He was the most wonderful father and I was the beneficiary of his love and admiration. He made me feel special. I was the “middle” child (is there really a middle of four?) – my older sister was the first born, the other middle child was my brother – the only boy, and my younger sister who came along a bit later than the three of us was the “baby”. This gave me a reason in my mind to feel different, left out, inferior etc… Of course when I hit adolescence these feelings, no matter how unfounded, were magnified. My Dad always had a way of reminding me that he too was a middle child and that I had a very special place in his heart. He would smile with his eyes, give me a wink and a bear hug and all those feelings would melt away. No matter what I did or how I acted – my Daddy loved me. He disciplined me strictly when I was disobedient, defiant or disrespectful but it was always followed up with love and forgiveness. He showed me my first glimpse of how God the Father loved & adored me. I know that my incredible ease in loving and trusting the Lord is because my Dad was such a stellar example of God’s unconditional love, trustworthiness and strength.
My Dad believed in me, supported me, challenged me to do beyond my best and had high expectations of me. He also treated me like a princess – he would pick me up and twirl me around in the living room to the songs of Ed Aames and Andy Williams, he opened doors for me always treating me like a lady and he would admire and tell me often how beautiful I was.
He filled my need for love and affection with his kind words (often found in his greeting cards that he personally picked out & signed), his bear hugs and sweet goodnight kisses. He showed me how I should be treated by a man – that I should expect to be cherished, loved, protected and admired.
As I grew into an adult he continued to be a source of wisdom, strength and love for not only me but my husband and my children. He was an awesome father-in-law and the most amazing “Papa” (the name my eldest daughter Michelle gave him – although he was “Grandad” to the older cousins) in the world. He would rock my babies for hours on end and when they got older he would take them to the park to play and out to ice cream.
I so regret that only Michelle really got to know him and has memories to cherish (she was 6 when he died) ….the rest thankfully do get to experience him through our photo albums, stories and in the lives of their Granny, their aunts & uncle and myself who carry on his presence in our hearts, attitudes and actions.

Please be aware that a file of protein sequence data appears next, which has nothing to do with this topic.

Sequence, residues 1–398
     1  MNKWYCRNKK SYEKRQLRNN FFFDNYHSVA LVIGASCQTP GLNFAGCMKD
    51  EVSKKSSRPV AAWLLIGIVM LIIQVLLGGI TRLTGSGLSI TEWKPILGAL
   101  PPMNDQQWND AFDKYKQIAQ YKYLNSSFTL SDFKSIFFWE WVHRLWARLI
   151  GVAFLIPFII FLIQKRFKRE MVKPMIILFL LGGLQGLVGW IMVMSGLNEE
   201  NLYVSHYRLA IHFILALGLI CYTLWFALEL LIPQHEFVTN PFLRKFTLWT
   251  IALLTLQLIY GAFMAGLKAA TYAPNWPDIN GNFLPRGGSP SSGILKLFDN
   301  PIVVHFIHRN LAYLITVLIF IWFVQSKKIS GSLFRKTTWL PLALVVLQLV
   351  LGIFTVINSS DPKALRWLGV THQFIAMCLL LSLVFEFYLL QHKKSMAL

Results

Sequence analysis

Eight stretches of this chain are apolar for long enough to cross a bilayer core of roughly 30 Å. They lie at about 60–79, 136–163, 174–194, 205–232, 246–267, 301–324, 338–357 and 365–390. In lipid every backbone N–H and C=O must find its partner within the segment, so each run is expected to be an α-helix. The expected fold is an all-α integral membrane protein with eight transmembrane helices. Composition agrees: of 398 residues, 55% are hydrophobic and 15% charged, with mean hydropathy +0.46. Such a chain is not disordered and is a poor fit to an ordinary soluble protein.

Today on the 13th anniversary of his passing, I wanted to share just a bit of my Dad with the world, as not only a tribute to him, but hopefully as an inspiration to everyone who reads this blog – especially the fathers out there. Dads, please know that you are so very vital in your children’s lives and it is so important that you become a faithful man of God. Spend time with your children – play with them, talk to them, hug them, tell them how much you love, cherish and believe in them. Be a role model for them to look up to and set a standard of excellence. You will have a lasting impact on your children and your children’s children – be diligent to make sure it is a positive legacy.
I was, am and always will be…”Daddy’s Girl”
I love you and miss you each and everyday of my life. I look forward to seeing you again and feeling your warm loving arms wrap around me as we rejoice together for eternity in heaven!
Always your girl – Beth (although my Dad was the only one who called me Virginia – my real name – and it wasn’t because he was mad at me – then it was – Virginia Elizabeth!)
This is our last family photo together – Summer 1995 (and yes I am “great with child” -my 13 year old Rebekah). I just have to add as we are coming into a holiday season – don’t pass up an opportunity to have a family photo taken while you are all together – we never know when it might be our last time together here in this life.